groups of the modied silica SiNH2 as detailed described before [22]. Amount of the humic acid attached on modied silica gel was determined by thermogravimetric analysis and gave 101.7 mg g1 [22]. Furthermore, the humic acid when immobilized on silica gel presented an increase of thermal stability and became insoluble in water, which are additional properties of this hybrid [22]. The ability of SiHA to adsorb metal ions from water was evaluated by measuring the sorption isotherms of divalent copper, nickel and zinc. The number of moles adsorbed (Nf ), for 1 g of the solid, was obtained from the initial number of moles of cation (ni ) added to the system and divalent metal ion at equilibrium (ns ) for a mass (m) of the hybrid, by applying the expression: Nf = (ni ns )/m. These experimental data are applied in the general equation for the modied Langmuir model: (Cs /Nf ) = (Cs /Ns ) + (1/Ns )(1/b) [2325]. Cs is the concentration of solution in equilibrium (mol dm3 ), Nf as dened before (mol g1 ), Ns the maximum amount of solute adsorbed per gram of adsorbent (mol g1 ), which depends on the number of adsorption sites, and b is a constant (mol dm3 ). All further data are derived from this linearized form of the adsorption isotherm, i.e. from plots of Cs /Nf as a function of Cs . Ns and b values were obtained from the slope and intercept of the linearized form. Obtained adsorption results are presented in Fig. 1, which are isotherms data of cations adsorption by SiHA. Amount of moles of cations, Ns , obtained from application of modied Langmuir equation on linearized graphs of Fig. 1, and these values are listed in Table 1. Adsorption data followed the sequence: Ni > Cu > Zn. This sequence presented an interesting behavior related with number of electrons in d orbital. Number of moles adsorbed decreased with rise of electrons number in d orbital, as represented in Fig. 2 remembering that Ni(II) presents eight electrons, Cu(II) has nine and Zn(II) has 10. This observation can be explained by the decrease

3. Results and discussion The synthetic procedure to immobilize the humic acid on the inorganic support can be summarized by a simple attachment through hydrogen bond formation between carboxylate groups present on HA and the protonated amine pendant

Fig. 1. Adsorption isotherms of aqueous solution for divalent copper, nickel and zinc on SiHA material at 298.1 K.

A.G.S. Prado et al. / Journal of Hazardous Materials B120 (2005) 243247 Table 1 Maximum adsorbed amounts (Ns ) and thermodynamic data for the interaction of divalent cations with SiHA material at 298.1 K M2+ Cu Ni Zn Ns (mmol g1 ) 10.42 0.75 13.16 0.58 7.87 0.58 G (kJ mol1 ) 13.77 0.89 14.29 0.81 12.00 1.11 H (kJ mol1 ) 6.24 0.47 6.75 0.54 6.97 0.58

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S (J mol1 K1 ) 67 8 71 9 64 9

of acidity with number of electrons in d orbital, as a consequence, the cation d8 tends to form octahedral complex, d9 tends to distorted Jahn Teller octahedral complex and d10 to tetrahedral complex [26]. Calorimetric titrations offer more information about the adsorption processes at solid/liquid interface. Heat outputs from the reactions between divalent metal ions and SiHA were obtained from the calorimetric results. The dilution heat of cations, the total heat and resulting adsorption heat effect values for all interactions are presented in Fig. 3. Using the net resultant heat output from the reaction, adjusted to a modied Langmuir equation, the integral enthalpies involved in the formation of a monolayer per unit mass of adsorbate, mono H, were calculated, through the expression: X 1 = (K 1) rH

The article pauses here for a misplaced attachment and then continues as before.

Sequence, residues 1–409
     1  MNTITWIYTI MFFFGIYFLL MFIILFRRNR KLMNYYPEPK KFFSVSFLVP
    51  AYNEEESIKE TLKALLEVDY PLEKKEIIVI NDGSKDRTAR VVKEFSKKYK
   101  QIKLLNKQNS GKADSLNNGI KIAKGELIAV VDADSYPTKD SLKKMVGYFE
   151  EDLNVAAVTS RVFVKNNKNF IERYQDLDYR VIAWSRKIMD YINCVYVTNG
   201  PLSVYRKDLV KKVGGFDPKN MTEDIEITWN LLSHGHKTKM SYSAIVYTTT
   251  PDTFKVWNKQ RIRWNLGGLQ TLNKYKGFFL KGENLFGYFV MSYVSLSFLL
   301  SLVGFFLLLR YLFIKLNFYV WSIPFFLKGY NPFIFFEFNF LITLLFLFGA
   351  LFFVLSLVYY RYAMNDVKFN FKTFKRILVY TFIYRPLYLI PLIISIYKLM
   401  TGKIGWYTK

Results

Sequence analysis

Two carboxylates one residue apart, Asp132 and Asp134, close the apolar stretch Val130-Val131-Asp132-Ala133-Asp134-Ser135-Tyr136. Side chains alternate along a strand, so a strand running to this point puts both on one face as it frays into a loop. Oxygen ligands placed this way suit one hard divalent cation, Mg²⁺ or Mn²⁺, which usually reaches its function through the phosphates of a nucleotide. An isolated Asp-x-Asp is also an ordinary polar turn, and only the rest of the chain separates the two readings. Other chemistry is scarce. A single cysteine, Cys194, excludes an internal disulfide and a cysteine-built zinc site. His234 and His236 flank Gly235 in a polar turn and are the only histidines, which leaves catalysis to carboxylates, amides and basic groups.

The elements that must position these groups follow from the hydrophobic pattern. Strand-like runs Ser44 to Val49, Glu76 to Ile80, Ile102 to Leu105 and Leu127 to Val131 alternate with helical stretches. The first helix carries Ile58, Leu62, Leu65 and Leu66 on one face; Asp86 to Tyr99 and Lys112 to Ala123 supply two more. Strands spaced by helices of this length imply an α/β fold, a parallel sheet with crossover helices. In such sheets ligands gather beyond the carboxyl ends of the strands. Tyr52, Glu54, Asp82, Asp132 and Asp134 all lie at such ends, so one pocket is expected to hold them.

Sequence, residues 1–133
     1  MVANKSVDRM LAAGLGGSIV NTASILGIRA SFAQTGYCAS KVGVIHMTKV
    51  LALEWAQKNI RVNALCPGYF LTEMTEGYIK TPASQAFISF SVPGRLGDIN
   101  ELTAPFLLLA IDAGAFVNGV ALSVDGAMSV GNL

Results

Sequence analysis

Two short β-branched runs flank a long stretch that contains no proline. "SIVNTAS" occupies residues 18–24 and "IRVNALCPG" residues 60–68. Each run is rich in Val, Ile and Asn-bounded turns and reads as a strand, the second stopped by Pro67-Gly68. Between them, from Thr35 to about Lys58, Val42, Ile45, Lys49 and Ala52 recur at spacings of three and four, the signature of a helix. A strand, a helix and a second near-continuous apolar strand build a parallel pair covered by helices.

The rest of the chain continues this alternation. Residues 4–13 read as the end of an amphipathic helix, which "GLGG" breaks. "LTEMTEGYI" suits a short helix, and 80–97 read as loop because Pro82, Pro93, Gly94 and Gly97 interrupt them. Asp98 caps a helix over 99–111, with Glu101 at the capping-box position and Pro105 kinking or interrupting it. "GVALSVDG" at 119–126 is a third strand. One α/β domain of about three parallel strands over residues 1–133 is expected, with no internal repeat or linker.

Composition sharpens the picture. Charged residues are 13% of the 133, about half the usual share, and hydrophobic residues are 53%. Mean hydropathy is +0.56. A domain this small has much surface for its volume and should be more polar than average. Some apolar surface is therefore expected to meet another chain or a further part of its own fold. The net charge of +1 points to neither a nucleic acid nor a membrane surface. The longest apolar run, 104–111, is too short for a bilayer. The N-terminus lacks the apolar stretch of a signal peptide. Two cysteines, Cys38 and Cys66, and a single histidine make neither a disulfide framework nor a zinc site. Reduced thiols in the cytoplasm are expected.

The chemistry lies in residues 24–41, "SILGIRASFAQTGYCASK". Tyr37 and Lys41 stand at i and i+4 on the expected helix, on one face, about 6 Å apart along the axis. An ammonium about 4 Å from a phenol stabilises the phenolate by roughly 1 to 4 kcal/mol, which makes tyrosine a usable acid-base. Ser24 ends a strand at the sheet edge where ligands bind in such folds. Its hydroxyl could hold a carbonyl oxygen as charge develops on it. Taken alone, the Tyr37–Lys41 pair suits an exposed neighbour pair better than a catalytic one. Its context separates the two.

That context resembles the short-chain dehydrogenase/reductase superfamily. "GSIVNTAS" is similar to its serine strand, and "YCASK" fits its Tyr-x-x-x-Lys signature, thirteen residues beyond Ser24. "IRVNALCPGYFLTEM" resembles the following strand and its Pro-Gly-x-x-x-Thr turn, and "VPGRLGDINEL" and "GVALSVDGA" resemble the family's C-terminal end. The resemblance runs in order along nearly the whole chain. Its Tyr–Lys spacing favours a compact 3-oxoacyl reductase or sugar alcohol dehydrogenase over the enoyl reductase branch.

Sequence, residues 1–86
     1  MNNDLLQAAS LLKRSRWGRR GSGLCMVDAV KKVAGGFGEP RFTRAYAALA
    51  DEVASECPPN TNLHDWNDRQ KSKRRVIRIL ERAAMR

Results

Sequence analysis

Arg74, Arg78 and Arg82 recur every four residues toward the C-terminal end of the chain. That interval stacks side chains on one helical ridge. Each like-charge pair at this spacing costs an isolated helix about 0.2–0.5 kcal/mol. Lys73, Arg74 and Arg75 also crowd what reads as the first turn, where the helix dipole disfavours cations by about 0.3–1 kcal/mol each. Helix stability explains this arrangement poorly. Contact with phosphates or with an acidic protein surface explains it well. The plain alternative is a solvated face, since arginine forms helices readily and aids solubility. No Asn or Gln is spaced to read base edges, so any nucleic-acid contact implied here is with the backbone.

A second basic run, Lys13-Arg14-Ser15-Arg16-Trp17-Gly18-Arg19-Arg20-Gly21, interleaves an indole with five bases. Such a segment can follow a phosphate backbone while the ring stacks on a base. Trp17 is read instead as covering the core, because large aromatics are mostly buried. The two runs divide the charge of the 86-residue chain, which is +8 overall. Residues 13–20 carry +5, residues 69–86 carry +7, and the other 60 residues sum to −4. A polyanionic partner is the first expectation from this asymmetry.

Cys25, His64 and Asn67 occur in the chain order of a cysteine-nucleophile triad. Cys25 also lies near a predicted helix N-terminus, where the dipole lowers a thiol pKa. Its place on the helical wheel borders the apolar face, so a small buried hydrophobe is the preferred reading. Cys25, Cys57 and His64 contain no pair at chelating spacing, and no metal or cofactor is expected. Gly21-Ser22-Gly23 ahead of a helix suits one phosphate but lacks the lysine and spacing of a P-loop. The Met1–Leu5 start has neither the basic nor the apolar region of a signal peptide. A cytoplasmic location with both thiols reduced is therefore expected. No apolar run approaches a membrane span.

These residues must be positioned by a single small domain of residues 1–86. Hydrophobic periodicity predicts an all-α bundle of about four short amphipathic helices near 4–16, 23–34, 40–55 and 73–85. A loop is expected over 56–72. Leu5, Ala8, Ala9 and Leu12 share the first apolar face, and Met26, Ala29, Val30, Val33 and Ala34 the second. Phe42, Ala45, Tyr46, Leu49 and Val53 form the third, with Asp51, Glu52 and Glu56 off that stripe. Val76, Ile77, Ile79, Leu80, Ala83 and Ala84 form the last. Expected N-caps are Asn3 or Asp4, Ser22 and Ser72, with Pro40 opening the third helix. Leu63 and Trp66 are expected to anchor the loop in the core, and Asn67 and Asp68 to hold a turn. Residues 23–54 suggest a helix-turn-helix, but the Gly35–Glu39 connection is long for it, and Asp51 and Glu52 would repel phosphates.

mono H

X mono H

In this equation, X is the total mol fraction of metal ion in solution after adsorption, X values are obtained for each addition of titrant, by using the modied Langmuir equation, whose behavior was shown to be a good adjustable model for such heterogeneous systems. r H is the integral enthalpy of adsorption (J g1 ) obtained through the net thermal effect of adsorption and the number of moles of the adsorbate, K is a proportionality constant that also includes the equilibrium constant. By using the angular and linear values from the X/ r H versus X plot, mono H and the enthalpy of adsorption ads H values can be calculated by

Fig. 3. Calorimetric titration of divalent cations onto SiHA sample. The curves (A), (B) and (C) represent the measured heat output, Qtit , for nickel, copper, and zinc, respectively; curves (dilA), (dilB) and (dilC) represent dilution heat output, Qdil , for copper, and zinc, respectively; (A ), (B ) and (C ) the resultant heat interaction, Qres , for nickel, copper, and zinc, respectively.

means of the expression ads H = mono H/Ns [2325]. Resulting ads H values were obtained from application of the Langmuir equation on linearized graphs of Figs. 4 and 5. From Keq values, Gibbs free energies were calculated by the expression: G = RT ln Keq , and the entropy value was calculated through G = H T S. All thermodynamic data are listed in Table 1. All adsorption processes were spontaneous in nature as observed by exoergonic G values in Table 1. Although, the adsorptions showed endothermic enthalpy for interactions.

Fig. 2. Effect of the electrons number of d orbital of cations in maximum adsorbed moles on SiHA hybrid.

Fig. 4. Calorimetric titration isotherm of SiHA with divalent cations at 298.15 K.

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[7] Fig. 5. Calorimetric titration isotherm of SiHA with divalent cations at 298.15 K.

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Indeed, all interface solid/liquid interactions were entropically favored process. This phenomenon is caused by typical chelate effect, which is entropically favored, due to the fact that of releasing of more than one proton of the humic acid attached on surface for each adsorbed cation, and the replacement of solvent molecules that were previously bonded to the cation during ion exchange processes [25]. In sum, the development of low-cost adsorbents is one of methods to decrease the large volumes of waste and toxic efuents produced by a variety of chemical processes. Indeed, the immobilization of humic acid onto silica gel surface in order to remove inorganic contaminants with great advantage to avoid the solubilization of humic acids is very promissory to environmental issues.

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4. Conclusion The immobilized humic acid onto modied silica gel surface showed ability to remove metal ions from water. This material presented spontaneous trapping of divalent cations in the sequence: Ni > Cu > Zn. Bonding metal ions ability of SiHA material suggests it may be useful for removal of these contaminants from wastewaters.

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Acknowledgments Authors thank to FUNPE/UnB and FINATEC for nancial support.